We openly inform government on policy to ensure the UK's high safety, security and safeguards standards are maintained, and invest time to build trust with interested parties/groups and the public through greater openness and transparency about our work.


Our regulatory framework is mainly non-prescriptive and places the responsibility wholly on duty holders to demonstrate that the levels of safety, security and safeguards required by UK law are met. In reaching regulatory decisions, our inspectors use guidance from a range of sources, including our Safety Assessment Principles (SAPs), Security Assessment Principles (SyAPs) and safeguards principles (ONR Guidance for Nuclear Material Accountancy, Control and Safeguards – ONMACs), as well as our guidance on Risk-Informed Decision-making. We also seek to ensure that the standards we apply are consistent (where relevant) with those of other national and international regulators.

In interpreting the different legal frameworks for safety, nuclear security, and nuclear safeguards, we recognise that there is an element of risk in undertaking every activity. For example, we may accept an increase in short-term risk to enable accelerated risk reduction in the longer term. However, we ensure that duty holders can demonstrate that risks are adequately controlled, taking account of relevant factors and circumstances; and we satisfy ourselves that controls are in place through proportionate and targeted sampling.

Public acceptance in nuclear technology is dependent on ongoing confidence in the robustness and effectiveness of the independent regulator. However, regulatory decisions that we make can incur substantial cost and other implications for our duty holders. Consequently, we apply a proportionate but Cautious approach to regulation and decision-making to ensure that public and duty holder confidence in our regulation and regulatory decisions is maintained. Nevertheless, in instances where nuclear operations may convey substantial additional risks (from the norm), we will apply a minimalist risk appetite as appropriate. We are averse to tolerating practices which do not comply with prescriptive law or which do not minimise safety risks so far as is reasonably practicable. 


Having a well-resourced, diverse, motivated, and highly competent workforce that is well-led, is key to achieving our strategic vision. As a public body, we are accountable to society and must demonstrate the highest standards of behaviour, integrity, and values in how we discharge our duties.

To attract, build and retain the capability, experience, and leadership we need, in an increasingly challenging and competitive global labour market, we must ensure that we are Open to how we recruit and develop our staff and in how we create and sustain an inclusive culture. This will include being innovative in how we create opportunities for the development of technical; professional; management, and leadership skills, and in how we build the resilience across ONR.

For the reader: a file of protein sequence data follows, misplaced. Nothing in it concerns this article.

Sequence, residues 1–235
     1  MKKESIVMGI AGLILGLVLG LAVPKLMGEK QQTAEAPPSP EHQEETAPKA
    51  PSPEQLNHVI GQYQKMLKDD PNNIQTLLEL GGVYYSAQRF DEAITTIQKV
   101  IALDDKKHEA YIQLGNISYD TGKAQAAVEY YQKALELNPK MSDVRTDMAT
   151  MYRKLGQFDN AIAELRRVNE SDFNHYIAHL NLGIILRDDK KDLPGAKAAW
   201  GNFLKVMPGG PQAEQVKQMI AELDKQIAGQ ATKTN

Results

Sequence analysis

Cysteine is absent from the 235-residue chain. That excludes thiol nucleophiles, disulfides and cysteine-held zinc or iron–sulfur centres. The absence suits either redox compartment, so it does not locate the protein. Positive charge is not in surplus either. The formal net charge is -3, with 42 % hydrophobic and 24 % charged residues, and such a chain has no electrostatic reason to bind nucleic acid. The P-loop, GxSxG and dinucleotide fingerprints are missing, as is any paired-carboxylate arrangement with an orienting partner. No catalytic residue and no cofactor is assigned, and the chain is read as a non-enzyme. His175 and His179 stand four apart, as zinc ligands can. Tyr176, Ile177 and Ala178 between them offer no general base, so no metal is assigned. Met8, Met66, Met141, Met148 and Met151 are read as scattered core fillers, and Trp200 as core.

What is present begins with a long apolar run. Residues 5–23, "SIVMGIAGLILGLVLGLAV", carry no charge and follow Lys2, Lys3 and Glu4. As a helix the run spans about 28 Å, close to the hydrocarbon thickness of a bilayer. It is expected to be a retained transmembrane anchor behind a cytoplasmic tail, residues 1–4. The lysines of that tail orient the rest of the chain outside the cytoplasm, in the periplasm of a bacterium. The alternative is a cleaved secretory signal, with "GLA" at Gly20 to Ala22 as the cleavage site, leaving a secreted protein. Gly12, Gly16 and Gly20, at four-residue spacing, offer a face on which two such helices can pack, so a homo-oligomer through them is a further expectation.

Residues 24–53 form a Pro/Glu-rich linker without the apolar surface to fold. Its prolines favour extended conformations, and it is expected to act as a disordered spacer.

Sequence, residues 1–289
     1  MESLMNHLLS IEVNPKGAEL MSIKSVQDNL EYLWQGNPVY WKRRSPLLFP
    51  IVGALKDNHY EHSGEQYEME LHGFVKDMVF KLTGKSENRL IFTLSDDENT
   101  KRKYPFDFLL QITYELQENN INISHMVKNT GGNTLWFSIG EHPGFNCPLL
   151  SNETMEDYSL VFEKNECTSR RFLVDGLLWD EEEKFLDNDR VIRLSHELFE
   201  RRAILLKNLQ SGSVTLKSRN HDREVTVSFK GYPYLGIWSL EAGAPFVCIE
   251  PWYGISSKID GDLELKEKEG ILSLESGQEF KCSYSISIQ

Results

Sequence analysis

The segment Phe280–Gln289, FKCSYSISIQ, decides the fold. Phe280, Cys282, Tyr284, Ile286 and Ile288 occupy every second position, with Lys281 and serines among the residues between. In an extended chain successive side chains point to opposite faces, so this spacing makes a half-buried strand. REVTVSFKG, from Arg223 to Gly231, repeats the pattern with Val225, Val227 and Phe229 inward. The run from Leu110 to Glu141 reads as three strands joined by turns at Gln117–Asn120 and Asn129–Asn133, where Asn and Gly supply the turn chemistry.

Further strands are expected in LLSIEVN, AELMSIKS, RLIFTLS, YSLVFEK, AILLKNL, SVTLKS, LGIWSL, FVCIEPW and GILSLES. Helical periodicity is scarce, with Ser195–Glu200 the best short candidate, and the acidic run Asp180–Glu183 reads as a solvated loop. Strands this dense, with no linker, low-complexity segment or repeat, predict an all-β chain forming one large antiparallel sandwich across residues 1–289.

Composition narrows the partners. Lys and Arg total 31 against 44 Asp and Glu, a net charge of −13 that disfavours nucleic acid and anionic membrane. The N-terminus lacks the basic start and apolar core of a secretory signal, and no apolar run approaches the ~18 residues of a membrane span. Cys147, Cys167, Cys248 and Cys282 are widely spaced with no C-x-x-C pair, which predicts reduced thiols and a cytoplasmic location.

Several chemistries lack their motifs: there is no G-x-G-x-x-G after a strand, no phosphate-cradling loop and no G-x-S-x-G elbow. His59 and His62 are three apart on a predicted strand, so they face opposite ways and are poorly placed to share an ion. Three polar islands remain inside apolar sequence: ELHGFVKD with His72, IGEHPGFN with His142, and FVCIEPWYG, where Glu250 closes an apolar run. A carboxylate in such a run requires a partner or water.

Cyber (Security)

ONR handles and processes a range of sensitive information including data that is classified as Sensitive Nuclear Information (SNI). As a regulator of cyber security for civil nuclear duty holders, ONR, as well as protecting its own information, must be an exemplar in good security practice to maintain its reputation and integrity within the wider civil nuclear sector.

The ONR Corporate Security Strategy sets out a plan by which ONR will take major steps to improving its security posture over the coming years. It must continue to protect its information assets and maintain its position as a trusted security regulator. A range of security enhancements, assured by industry recognised standards certifications, will continue over the coming years to ensure we achieve this.

Failure to improve security standards could mean a cyber-attack results in serious business disruption and reputational damage. The National Cyber Security Centre threat assessments, which assess that such attacks on UK regulators are "highly likely", and therefore our aggregate appetite to risk in our information and cyber security related activities is Minimalist.


There is a potential risk that information technology processing, security, stability, capacity, and performance jeopardise core operations of ONR. This includes both daily operations and ongoing enhancements to ONR's IT solutions.
Having adopted a hybrid approach to our ways of working, we have moved much of our day-to-day interaction online and are exploiting new technologies to enhance engagement and communication both internally and externally. We are supportive and open to considering innovative technologies and adopting agile principles, while maintaining a low tolerance towards system incidents and outage, caused by poor change management process. This is aligned to a Cautious risk appetite.


In addition to the strong financial stewardship, we instil in ONR, our governance activity focuses on three areas:

  • Information security, where we aim to meet Government minimum security standards, international standards and align with established security best practice.